It is part of the hijab family.
The niqab is similar in some respects but not identical to the burqa favored in Afghanistan or the chador favored in Iran. The three are often confused, although only pedants, nationalists and clerical sticklers are offended by the confusion.
Usually black, spartan and designed to efface personality and physical suggestions, the niqab is part of a full-body covering favored in Middle East countries east and south of the Levant, where the influence of fundamentalist Islam, or Salafism, is more pronounced. These nations include Saudi Arabia, Yemen, the nations of the Gulf Cooperation Council, and the tribal or rural areas of Pakistan. Since the 1970s, the niqab has made an appearance in Turkey, beginning in the east and migrating to the more urban west, as well as in parts of Europe where Muslim populations are significant, albeit in small numbers.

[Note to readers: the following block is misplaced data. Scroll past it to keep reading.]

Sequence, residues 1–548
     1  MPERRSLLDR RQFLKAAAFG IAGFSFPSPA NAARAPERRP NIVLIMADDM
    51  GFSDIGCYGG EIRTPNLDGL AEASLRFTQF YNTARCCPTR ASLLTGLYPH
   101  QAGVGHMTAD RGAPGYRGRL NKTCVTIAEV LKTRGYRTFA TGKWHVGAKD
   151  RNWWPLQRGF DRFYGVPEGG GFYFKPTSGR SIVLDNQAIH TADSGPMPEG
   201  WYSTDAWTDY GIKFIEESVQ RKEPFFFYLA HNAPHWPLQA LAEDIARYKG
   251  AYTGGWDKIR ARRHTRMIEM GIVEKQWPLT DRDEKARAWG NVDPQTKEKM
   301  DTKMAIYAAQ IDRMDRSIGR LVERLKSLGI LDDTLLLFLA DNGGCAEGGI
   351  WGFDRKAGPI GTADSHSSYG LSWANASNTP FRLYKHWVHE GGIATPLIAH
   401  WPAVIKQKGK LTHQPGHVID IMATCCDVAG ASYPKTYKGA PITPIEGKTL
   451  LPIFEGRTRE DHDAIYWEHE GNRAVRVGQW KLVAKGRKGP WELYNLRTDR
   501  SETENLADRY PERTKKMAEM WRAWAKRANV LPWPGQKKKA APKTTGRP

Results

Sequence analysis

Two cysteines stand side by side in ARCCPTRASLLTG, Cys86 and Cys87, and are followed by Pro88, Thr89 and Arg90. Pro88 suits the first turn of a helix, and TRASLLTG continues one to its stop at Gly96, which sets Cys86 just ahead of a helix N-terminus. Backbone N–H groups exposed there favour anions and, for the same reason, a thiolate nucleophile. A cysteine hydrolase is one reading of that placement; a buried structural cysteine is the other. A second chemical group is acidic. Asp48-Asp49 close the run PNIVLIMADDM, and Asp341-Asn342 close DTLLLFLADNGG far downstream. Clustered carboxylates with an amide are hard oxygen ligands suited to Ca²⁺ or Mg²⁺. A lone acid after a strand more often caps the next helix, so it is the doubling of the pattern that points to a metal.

The niqab did not originate with Islam. The niqab, or face-coverings similar to it, were worn by Christian women in the Byzantine Empire and in pre-Islamic Persia. Islam adopted the practice, which was not, contrary to common perceptions, required by the Koran. Scholars, students and commonfolk in Islam are in the midst of a rich and varied debate over the importance, necessity or mere validity of the niqab and its sister-negators of the female body as required or even acceptable dress. The debate is nowhere near its conclusion.